Feeds
90%
Samsung YP-R1 16GB PMP

Samsung YP-R1 16GB PMP

Small screen sensation

  • alert
  • submit to reddit

Secure remote control for conventional and virtual desktops

Despite the rather petite screen, Samsung is punting the R1 as a serious video player with format support covering all the popular codecs and containers including DivX, XviD, H.264, MPEG4, WMV, AVI, MP4, ASF and QuickTime. The R1 will also support file resolutions above its native screen size up to and including 720 x 480 – a trick the P3 can't pull off.

Samsung YP-R1 16GB PMP

Coverflow style for video and audio libraries

With a full beans 16 million colours palette and a more than respectable DPI of 166, the R1's screen makes for a highly satisfactory viewing experience with video looking extremely crisp, clear and colourful.

Aspect ratio can be manually adjusted to either full screen 16:9 or original, which is handy if you are watching DVD rips of feature films. The fast-forward/rewind functions have been very well thought out, which makes zipping about through large video files a cinch.

To pop a cherry on the cake, the R1 also supports SubRip subtitle files. Also, utilising Samsung's Digital Natural Sound Engine (DNSe), you can access a video-optimised set of sound modification functions whilst actually viewing the video. This made watching Kieślowski's Double Life of Veronique an absolute treat. Not only did it look and sound great, but we could read what was going on! Move away from video and you will find that audio and picture file support isn't too shabby either with MP3, AAC, WMA, Ogg, FLAC, WAV, JPEG, GIF, BMP and PNG files all accepted.

Like all Samsung media players we have tested recently, the sound quality is firmly towards the top of the pile. Not only is this helped by DNSe tweaks, but by a better than average pair of bundled in-ear earphones, which come with three sizes of rubber bud.

Samsung YP-R1 16GB PMP

The Touchwiz UI takes care of the menus and navigation

Unlike the Samsung Q2 we looked at recently, we had no issues loading DRM protected BBC iPlayer downloads onto the R1, nor did we have any problems getting it to show up as a mass storage device when plugged into Mac and Linux machines. Playlists can either be set up on-board or synced across from an MTP compatible media player.

The essential guide to IT transformation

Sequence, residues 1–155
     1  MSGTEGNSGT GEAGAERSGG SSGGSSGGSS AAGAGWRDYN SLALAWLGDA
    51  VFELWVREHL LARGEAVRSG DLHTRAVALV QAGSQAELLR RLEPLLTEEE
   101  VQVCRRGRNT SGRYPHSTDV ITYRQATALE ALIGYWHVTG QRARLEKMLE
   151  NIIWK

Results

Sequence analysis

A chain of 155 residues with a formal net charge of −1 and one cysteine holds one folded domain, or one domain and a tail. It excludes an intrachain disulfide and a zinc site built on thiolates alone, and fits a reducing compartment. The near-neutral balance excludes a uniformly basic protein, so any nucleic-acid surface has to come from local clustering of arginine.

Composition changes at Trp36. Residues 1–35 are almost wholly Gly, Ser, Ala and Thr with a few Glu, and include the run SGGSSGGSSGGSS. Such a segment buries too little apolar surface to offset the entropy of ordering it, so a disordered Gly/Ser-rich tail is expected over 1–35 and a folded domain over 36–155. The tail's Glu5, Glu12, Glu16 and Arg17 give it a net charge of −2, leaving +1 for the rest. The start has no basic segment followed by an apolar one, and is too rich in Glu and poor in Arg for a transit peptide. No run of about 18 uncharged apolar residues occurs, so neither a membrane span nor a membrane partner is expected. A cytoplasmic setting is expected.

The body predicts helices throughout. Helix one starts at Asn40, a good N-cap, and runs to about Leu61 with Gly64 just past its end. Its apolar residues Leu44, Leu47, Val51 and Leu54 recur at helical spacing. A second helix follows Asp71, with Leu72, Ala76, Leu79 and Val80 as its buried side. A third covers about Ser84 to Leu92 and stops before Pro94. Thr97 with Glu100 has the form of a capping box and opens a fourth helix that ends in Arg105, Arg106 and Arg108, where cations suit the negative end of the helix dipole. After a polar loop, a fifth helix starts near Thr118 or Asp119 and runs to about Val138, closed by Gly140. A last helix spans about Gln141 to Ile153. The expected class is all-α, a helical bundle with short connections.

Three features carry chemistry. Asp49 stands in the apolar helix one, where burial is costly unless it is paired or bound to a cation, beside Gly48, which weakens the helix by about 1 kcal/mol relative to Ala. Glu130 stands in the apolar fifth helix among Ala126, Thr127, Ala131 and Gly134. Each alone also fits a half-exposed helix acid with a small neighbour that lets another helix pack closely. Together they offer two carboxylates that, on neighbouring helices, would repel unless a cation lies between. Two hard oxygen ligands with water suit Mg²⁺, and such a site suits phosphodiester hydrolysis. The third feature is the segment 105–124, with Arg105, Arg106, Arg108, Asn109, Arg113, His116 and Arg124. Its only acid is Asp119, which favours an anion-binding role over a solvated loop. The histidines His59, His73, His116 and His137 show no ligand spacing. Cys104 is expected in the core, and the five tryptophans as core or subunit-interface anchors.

Next page: Verdict

More from The Register

next story
Apple's iWatch? They cannae do it ... they don't have the POWER
Analyst predicts fanbois will have to wait until next year
Barnes & Noble: Swallow a Samsung Nook tablet, please ... pretty please
Novelslab finally on sale with ($199 - $20) price tag
Apple to build WORLD'S BIGGEST iStore in Dubai
It's not the size of your shiny-shiny...
Just in case? Unverified 'supersize me' iPhone 6 pics in sneak leak peek
Is bigger necessarily better for the fruity firm's flagship phone?
Steve Jobs had BETTER BALLS than Atari, says Apple mouse designer
Xerox? Pff, not even in the same league as His Jobsiness
Apple analyst: fruity firm set to shift 75 million iPhones
We'll have some of whatever he's having please
TV transport tech, part 1: From server to sofa at the touch of a button
You won't believe how much goes into today's telly tech
The agony and ecstasy of SteamOS: WHERE ARE MY GAMES?
And yes it does need a fat HDD (or SSD, it's cool with either)
prev story

Whitepapers

Implementing global e-invoicing with guaranteed legal certainty
Explaining the role local tax compliance plays in successful supply chain management and e-business and how leading global brands are addressing this.
7 Elements of Radically Simple OS Migration
Avoid the typical headaches of OS migration during your next project by learning about 7 elements of radically simple OS migration.
BYOD's dark side: Data protection
An endpoint data protection solution that adds value to the user and the organization so it can protect itself from data loss as well as leverage corporate data.
Consolidation: The Foundation for IT Business Transformation
In this whitepaper learn how effective consolidation of IT and business resources can enable multiple, meaningful business benefits.
High Performance for All
While HPC is not new, it has traditionally been seen as a specialist area – is it now geared up to meet more mainstream requirements?